Dalbergia congestiflora Pittier is a tree species generally known as Campinceran. Campinceran is a specialized wood that has showed cytotoxic activity against different diseases. Its heartwood is considered to have great beauty and is greatly valued in the global market due to its exceptional physical and mechanical properties for its use in the furniture industry and its resistance to fungal decay. Moreover, this tree is a recognized source of certain beneficial substances like pigments (neocandenatone) or the pterocarpan phytoalexin medicarpin. The neocandenatone is a purple pigment and its content of the wood was measured by Barragán et al. (1999)that was about 4.85% of its dry weight. Meanwhile, the prospective use of medicarpin is diverse because it has antifungal activity, sensitizes myeloid leukaemia cells to TRAIL-induced apoptosis and exhibit osteogenic properties.
It is indispensable to produce medicarpin through cell cultures instead of the heartwood of this rare tree. The cell suspensions were developed since the last century for the production of secondary metabolites of numerous plants but limited studies are available for the establishment of cell suspensions for trees. Obviously, the major advantage of cell suspension culture of campinceran is the probability to obtain its secondary metabolites, particularly (+)-Medicarpin, regardless of the climate, season, soil conditions, weather, optimization, and standardization of growing conditions.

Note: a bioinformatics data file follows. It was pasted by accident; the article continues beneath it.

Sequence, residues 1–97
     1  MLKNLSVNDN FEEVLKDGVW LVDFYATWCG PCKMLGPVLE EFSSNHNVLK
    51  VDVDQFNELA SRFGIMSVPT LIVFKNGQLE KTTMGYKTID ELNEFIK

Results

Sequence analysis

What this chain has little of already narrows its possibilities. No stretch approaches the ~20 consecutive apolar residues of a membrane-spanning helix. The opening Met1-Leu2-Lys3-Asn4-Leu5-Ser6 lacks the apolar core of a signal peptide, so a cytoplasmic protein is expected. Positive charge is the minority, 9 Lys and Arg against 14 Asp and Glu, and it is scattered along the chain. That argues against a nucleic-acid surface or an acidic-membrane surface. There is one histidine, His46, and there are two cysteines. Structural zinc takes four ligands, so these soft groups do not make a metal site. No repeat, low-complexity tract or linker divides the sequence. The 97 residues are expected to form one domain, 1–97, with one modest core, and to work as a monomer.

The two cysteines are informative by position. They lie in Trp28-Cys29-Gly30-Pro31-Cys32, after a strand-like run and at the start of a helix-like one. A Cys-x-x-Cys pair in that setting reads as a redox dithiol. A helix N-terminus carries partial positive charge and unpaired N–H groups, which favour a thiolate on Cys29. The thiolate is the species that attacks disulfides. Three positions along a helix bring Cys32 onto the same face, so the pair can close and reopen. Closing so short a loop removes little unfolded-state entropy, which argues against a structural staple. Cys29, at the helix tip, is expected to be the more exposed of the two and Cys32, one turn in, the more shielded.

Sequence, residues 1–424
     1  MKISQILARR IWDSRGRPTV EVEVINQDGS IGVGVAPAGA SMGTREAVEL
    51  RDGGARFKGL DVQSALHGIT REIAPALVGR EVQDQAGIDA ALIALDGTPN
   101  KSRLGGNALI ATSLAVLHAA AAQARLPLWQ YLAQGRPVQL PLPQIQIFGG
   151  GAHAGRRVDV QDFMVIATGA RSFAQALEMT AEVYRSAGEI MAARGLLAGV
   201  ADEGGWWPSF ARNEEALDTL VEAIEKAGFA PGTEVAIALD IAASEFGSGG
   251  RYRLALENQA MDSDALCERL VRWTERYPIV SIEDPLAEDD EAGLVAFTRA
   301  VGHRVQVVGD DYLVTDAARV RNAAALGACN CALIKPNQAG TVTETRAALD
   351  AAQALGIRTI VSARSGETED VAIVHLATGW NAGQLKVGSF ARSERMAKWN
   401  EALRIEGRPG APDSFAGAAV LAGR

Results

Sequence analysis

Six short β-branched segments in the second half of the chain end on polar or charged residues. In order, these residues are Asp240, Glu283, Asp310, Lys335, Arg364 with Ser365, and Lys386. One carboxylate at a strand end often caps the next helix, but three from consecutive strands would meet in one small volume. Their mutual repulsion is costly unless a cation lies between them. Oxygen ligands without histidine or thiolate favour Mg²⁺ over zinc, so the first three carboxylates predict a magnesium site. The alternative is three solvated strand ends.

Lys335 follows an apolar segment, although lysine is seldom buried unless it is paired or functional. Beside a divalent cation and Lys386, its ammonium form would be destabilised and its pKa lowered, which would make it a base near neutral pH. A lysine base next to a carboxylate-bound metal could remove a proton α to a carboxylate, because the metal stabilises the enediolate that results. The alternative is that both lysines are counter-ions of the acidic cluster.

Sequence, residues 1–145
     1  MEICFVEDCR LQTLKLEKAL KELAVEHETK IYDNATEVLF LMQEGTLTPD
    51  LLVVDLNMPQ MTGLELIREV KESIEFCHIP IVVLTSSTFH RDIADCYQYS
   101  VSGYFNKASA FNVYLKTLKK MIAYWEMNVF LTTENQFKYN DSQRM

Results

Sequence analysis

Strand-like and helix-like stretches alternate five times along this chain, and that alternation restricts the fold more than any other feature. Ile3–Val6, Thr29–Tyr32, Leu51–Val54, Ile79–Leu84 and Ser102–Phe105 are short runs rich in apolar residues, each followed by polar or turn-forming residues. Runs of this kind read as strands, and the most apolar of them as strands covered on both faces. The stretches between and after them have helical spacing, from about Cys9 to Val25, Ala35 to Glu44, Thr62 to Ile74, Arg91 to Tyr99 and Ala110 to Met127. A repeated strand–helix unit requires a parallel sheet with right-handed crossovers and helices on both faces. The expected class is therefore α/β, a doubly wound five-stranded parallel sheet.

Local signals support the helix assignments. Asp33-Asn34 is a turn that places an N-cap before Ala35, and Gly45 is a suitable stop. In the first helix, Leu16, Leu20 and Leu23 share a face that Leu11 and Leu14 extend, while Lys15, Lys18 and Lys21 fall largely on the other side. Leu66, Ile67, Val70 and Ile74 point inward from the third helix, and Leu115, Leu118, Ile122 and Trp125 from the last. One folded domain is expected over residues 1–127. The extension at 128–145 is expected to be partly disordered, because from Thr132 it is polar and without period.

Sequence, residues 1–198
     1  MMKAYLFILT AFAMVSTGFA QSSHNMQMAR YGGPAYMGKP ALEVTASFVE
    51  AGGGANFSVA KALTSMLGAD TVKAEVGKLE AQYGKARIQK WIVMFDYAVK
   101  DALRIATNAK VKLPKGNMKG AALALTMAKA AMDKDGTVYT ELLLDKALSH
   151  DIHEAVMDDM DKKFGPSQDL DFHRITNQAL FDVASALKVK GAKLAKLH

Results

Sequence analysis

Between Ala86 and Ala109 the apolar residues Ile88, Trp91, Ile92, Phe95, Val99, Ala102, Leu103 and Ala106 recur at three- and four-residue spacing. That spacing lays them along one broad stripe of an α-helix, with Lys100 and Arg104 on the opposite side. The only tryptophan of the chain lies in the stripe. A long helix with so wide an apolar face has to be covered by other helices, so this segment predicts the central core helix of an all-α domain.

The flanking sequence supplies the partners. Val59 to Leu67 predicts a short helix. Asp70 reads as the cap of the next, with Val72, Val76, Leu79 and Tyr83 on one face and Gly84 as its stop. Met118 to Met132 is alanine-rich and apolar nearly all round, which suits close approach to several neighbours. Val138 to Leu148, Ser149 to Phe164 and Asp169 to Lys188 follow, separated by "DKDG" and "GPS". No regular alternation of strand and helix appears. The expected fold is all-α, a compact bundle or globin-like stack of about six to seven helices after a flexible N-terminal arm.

Kessmann et al. (1990) stated that callus of tree species has been used to obtain secondary metabolites like taxol, thymol, or anthraquinones. The production of medicarpin in cell suspensions has only been studied in Medicago sativa and Cicer arietinum where the addition of elicitors is essential to attain optimal levels of this compound. Martínez-Sotres et al. (2012) claimed that only the (+)-Medicarpin has been recognized in the hexane extract from the heartwood of campincerán, therefore, it was considered that cell cultures of D. congestiflora can be a consistent source of (+)-Medicarpin. Novel research was carried out by the Hernández-García et al. (2021) and published in the Asian Journal of Plant Sciences to develop a well-organized protocol to establish callus and cell suspensions of D. congestiflora and the extraction and identification of the medicarpin. According to refreshers, an effective induction callus method, and cell suspension cultures were established for D. congestiflora by using leaf explants from shoot tip segments. Callus and cell suspension cultures of D. congestiflora provided a material for the production of (+)-Medicarpin. The researchers further observed that (+) – Medicarpin content and cell growth were higher at 16 days of cell suspension culture that is established as optimal production.